Several buyers in Asia are looking to buy spot oil cargoes from Russia, Africa, Brazil, or the United States after the world’s top crude exporter, Saudi Arabia, unexpectedly raised its official selling prices for its crude going to Asia in July.
At least three refiners in Asia are looking to nominate lower volumes of Saudi crude for next month – as per the contract allowance – and boost purchases from outside Saudi Arabia, including cheaper spot cargoes from Russia, sources with knowledge of the refiners’ buying strategies told Bloomberg on Tuesday.
On Sunday, the OPEC+ producers decided to keep the current cuts until the end of 2024, while OPEC’s top producer, Saudi Arabia, said it would voluntarily reduce its production by 1 million bpd in July, to around 9 million bpd.
On the following day, Saudi Arabia raised the official selling price (OSP) for its flagship grade Arab Light for Asia by $0.45 per barrel to a premium of $3.00 over the Oman/Dubai average, off which Middle East crude for Asia is priced.
The price hike from Saudi Arabia surprised the market, which before the Saudi production cut had expected lower prices in a Reuters poll.
Saudi Arabia, however, seems to be looking to boost revenues by offering lower volumes in July but at higher prices.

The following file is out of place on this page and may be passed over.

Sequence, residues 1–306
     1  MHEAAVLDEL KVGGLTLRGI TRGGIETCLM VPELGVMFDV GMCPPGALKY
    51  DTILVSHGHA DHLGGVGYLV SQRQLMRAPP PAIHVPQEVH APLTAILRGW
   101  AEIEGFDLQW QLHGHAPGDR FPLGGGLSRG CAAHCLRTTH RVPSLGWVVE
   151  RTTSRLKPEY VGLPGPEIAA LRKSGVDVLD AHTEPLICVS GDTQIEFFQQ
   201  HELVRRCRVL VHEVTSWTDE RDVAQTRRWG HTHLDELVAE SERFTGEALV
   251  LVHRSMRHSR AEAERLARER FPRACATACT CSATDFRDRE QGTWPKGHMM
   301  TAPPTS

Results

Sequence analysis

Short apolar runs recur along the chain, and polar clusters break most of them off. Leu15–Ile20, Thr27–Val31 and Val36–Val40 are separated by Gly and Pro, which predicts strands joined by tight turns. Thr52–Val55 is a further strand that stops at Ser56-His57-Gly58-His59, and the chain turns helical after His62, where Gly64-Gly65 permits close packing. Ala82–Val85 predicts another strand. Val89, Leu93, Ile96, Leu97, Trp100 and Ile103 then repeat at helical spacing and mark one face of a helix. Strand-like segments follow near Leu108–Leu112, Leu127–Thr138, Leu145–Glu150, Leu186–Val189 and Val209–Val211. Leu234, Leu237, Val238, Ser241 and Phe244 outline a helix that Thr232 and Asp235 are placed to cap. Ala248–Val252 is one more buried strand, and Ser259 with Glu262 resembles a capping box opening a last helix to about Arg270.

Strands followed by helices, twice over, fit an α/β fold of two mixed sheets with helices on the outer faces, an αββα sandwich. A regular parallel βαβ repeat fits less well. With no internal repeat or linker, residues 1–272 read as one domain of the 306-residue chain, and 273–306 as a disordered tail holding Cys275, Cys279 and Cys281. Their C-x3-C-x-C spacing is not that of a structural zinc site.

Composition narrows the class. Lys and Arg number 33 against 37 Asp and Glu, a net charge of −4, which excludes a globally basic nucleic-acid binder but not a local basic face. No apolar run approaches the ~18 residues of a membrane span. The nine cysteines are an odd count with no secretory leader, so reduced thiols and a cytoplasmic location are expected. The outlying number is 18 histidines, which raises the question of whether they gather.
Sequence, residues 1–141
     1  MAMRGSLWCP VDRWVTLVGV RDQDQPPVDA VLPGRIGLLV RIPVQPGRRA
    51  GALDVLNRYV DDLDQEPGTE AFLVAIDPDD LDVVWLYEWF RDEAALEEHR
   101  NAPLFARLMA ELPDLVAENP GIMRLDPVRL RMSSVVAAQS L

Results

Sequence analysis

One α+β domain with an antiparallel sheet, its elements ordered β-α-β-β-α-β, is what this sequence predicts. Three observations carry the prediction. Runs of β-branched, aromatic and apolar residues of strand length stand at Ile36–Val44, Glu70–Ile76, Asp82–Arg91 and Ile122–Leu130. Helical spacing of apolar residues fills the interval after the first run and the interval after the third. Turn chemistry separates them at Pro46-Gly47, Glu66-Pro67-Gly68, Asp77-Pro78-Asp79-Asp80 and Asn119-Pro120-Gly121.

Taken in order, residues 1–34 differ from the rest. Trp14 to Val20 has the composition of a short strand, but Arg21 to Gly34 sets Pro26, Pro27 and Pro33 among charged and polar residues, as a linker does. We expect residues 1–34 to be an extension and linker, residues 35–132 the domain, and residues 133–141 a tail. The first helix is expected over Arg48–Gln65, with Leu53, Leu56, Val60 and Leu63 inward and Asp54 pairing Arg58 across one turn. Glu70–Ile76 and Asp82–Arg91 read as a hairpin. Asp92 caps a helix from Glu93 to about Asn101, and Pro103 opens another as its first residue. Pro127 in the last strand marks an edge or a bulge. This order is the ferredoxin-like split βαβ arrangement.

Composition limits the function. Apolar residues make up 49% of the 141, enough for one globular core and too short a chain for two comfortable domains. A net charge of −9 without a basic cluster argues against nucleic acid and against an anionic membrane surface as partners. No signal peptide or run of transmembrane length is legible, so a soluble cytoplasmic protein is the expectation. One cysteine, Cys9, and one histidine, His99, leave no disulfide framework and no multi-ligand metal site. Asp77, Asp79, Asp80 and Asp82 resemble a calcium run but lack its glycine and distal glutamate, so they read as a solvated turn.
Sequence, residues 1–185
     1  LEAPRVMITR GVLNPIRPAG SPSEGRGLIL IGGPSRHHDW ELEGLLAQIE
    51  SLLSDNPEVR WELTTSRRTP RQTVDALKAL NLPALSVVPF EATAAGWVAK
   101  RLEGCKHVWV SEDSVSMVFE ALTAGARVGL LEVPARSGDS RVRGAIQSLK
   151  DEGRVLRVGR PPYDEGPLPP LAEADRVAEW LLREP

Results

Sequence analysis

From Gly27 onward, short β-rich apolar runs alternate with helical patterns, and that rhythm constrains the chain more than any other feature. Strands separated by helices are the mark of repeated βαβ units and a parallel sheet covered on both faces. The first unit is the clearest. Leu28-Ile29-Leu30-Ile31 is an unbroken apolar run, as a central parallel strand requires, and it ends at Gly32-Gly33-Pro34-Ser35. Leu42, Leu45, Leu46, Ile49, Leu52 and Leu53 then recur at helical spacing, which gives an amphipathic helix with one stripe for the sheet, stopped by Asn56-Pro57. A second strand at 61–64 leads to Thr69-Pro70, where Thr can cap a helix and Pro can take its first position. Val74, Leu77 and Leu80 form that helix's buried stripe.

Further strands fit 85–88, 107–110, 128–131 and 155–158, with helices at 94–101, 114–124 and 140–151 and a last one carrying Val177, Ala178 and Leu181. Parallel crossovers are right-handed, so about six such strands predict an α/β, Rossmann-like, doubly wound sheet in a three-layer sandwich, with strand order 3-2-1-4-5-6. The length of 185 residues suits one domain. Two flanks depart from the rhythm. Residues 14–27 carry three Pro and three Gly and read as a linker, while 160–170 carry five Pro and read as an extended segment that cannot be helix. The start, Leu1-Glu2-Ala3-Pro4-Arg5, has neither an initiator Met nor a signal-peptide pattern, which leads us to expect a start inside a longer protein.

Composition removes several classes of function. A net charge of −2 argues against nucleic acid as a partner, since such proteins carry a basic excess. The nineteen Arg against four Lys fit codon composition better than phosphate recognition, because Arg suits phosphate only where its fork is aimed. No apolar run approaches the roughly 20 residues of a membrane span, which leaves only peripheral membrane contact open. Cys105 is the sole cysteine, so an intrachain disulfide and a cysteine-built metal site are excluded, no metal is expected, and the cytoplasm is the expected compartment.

So, some Asian refiners are on the prowl for cheaper cargoes, although spot supply for July may not be readily available as the typical trading cycle for next month’s loadings has expired, traders told Bloomberg.
Some Chinese refiners sent their nominations for July before the announcement of the Saudi cut, so they may not be able to change those.
One large buyer that is not particularly concerned with more expensive Saudi crude is India. The world’s third-largest crude oil importer has reduced purchases of crude from the Middle East in recent months, as cheaper Russian spot barrels are making their way to Indian refiners.
India is estimated to have imported record volumes of Russian crude in May, more than its combined imports from the next four largest suppliers - Iraq, Saudi Arabia, the United Arab Emirates (UAE), and the U.S.
By Tsvetana Paraskova for Oilprice.com
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